I don’t know how I keep getting Daedalic Entertainment games. I was ready to rip The Night of the Rabbit a new one, because the game completely collapsed on itself right near the end. There were visual tearing, background dropped out, object would go all tiled wallpaper on the screen and then flicker. Something in this game just broke. I wrote the review and before I submitted it I talked about it with my fellow columnists and they recommend I check my graphics card. After fiddling with this and that code and Steam settings I dug into my drivers and found the graphics card was three years out of date. One update later or at least I assumed it updated I saw a lot of progress bars, the game magically worked like it had been for the preceding 8-10 hours.
That’s the most interesting story I have to say in relation to this game. The Night of the Rabbit is pleasant enough and the story is interesting it its fable like nature. I like the line I came up to describe it in the review “Harry Potter via Rupert the Bear.” But it’s their attitude towards puzzle design that drags the game to a screeching halt in the middle.
Face Noir is a game I didn’t like immediately. But I soon warmed up to it’s blatant disregard of its own use of cliches. It did what it wanted to do. I feel a lot of the positive aspects of this game wouldn’t exist if it were made by an American studio and not an Italian one. A lot of the cultural and genre missteps are thanks to the fact that it is another culture working within a very American genre as they see it. It’s fascinating to watch in both its brilliance and slow motion train wreck. Thankfully, Mad Orange is a studio that seems to have a grasp on good puzzle design. It mitigates what could have been a big problem by localizing all the items to the places where they will be used.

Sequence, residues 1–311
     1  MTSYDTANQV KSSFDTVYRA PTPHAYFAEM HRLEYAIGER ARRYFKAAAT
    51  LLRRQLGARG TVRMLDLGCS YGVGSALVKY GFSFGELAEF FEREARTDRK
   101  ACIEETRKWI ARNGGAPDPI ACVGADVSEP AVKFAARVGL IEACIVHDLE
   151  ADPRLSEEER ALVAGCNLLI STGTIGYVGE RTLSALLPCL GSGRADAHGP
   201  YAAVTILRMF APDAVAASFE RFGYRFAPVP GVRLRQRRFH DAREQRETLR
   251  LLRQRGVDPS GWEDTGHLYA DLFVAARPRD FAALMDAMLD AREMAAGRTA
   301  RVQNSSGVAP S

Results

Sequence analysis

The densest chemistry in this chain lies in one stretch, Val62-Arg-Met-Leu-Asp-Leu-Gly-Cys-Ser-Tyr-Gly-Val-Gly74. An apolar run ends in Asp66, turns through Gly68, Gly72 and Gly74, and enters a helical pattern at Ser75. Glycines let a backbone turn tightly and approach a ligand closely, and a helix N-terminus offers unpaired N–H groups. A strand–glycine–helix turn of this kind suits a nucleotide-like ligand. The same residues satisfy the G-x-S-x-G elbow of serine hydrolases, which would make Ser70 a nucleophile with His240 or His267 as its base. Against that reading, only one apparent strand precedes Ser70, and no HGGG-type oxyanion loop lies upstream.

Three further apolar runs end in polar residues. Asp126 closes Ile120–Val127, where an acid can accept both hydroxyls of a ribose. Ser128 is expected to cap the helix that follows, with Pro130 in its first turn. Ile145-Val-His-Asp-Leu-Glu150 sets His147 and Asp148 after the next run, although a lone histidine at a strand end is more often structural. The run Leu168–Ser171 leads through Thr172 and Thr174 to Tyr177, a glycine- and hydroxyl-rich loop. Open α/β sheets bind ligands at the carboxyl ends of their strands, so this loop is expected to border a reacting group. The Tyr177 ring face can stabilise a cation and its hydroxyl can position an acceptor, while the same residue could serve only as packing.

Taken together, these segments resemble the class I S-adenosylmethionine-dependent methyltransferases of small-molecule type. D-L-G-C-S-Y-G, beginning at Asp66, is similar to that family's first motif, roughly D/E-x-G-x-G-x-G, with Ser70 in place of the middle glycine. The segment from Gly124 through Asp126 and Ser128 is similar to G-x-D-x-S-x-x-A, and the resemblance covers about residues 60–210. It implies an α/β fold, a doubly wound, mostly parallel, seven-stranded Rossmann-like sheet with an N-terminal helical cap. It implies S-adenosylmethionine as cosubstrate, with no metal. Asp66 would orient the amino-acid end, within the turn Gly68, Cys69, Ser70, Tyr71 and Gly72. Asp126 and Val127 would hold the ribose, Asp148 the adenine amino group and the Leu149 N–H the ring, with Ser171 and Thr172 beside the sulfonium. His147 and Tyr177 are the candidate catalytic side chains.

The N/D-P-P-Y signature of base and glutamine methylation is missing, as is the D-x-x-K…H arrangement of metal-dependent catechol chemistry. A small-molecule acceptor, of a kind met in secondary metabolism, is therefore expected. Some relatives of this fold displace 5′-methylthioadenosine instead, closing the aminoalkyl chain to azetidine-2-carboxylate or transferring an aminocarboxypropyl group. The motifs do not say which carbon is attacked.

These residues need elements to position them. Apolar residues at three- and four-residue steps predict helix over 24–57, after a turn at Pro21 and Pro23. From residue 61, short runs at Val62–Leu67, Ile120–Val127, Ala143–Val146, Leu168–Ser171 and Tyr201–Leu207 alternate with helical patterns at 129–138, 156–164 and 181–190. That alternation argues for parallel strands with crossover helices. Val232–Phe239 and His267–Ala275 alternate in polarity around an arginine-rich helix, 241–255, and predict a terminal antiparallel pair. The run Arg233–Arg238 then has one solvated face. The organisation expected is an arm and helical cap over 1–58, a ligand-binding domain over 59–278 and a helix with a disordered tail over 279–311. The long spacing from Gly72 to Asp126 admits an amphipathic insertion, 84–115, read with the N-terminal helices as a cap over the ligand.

The story makes little sense and in the end you realize next to nothing has been resolved and questions are in desperate need of answers. The ending is just full of ‘why?’ because it seems the game lost interest with the Noir genre or doesn’t realize it isn’t suppose to end well for the principled characters. I gave this game the finger when it ended the way it did. Now the game promotes the sequel which looks to be a pulp style adventure in Syria. Serious props to the surrealist scene near the end. Utter brilliance in an otherwise shit ending.